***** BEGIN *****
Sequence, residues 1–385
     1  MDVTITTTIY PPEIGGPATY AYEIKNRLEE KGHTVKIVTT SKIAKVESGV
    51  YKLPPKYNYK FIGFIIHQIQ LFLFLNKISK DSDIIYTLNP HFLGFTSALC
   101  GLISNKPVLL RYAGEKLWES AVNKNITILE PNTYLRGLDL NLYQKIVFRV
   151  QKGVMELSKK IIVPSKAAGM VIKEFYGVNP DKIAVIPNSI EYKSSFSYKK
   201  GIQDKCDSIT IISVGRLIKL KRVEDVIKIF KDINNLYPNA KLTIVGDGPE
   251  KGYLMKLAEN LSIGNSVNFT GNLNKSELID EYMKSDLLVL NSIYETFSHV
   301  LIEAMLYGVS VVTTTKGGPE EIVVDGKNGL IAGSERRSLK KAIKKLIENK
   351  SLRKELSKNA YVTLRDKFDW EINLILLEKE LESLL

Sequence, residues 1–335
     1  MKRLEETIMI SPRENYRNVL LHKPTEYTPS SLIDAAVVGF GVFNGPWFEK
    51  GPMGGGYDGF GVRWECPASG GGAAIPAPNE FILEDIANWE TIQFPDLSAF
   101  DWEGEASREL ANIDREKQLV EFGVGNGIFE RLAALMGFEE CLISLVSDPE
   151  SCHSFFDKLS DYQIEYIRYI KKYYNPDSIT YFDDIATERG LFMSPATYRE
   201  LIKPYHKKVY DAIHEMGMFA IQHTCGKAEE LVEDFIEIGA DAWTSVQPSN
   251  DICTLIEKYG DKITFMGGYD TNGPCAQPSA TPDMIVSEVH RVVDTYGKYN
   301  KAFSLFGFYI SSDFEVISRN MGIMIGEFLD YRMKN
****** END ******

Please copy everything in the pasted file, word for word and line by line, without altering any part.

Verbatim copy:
Sequence, residues 1–385
     1  MDVTITTTIY PPEIGGPATY AYEIKNRLEE KGHTVKIVTT SKIAKVESGV
    51  YKLPPKYNYK FIGFIIHQIQ LFLFLNKISK DSDIIYTLNP HFLGFTSALC
   101  GLISNKPVLL RYAGEKLWES AVNKNITILE PNTYLRGLDL NLYQKIVFRV
   151  QKGVMELSKK IIVPSKAAGM VIKEFYGVNP DKIAVIPNSI EYKSSFSYKK
   201  GIQDKCDSIT IISVGRLIKL KRVEDVIKIF KDINNLYPNA KLTIVGDGPE
   251  KGYLMKLAEN LSIGNSVNFT GNLNKSELID EYMKSDLLVL NSIYETFSHV
   301  LIEAMLYGVS VVTTTKGGPE EIVVDGKNGL IAGSERRSLK KAIKKLIENK
   351  SLRKELSKNA YVTLRDKFDW EINLILLEKE LESLL

Sequence, residues 1–335
     1  MKRLEETIMI SPRENYRNVL LHKPTEYTPS SLIDAAVVGF GVFNGPWFEK
    51  GPMGGGYDGF GVRWECPASG GGAAIPAPNE FILEDIANWE TIQFPDLSAF
   101  DWEGEASREL ANIDREKQLV EFGVGNGIFE RLAALMGFEE CLISLVSDPE
   151  SCHSFFDKLS DYQIEYIRYI KKYYNPDSIT YFDDIATERG LFMSPATYRE
   201  LIKPYHKKVY DAIHEMGMFA IQHTCGKAEE LVEDFIEIGA DAWTSVQPSN
   251  DICTLIEKYG DKITFMGGYD TNGPCAQPSA TPDMIVSEVH RVVDTYGKYN
   301  KAFSLFGFYI SSDFEVISRN MGIMIGEFLD YRMKN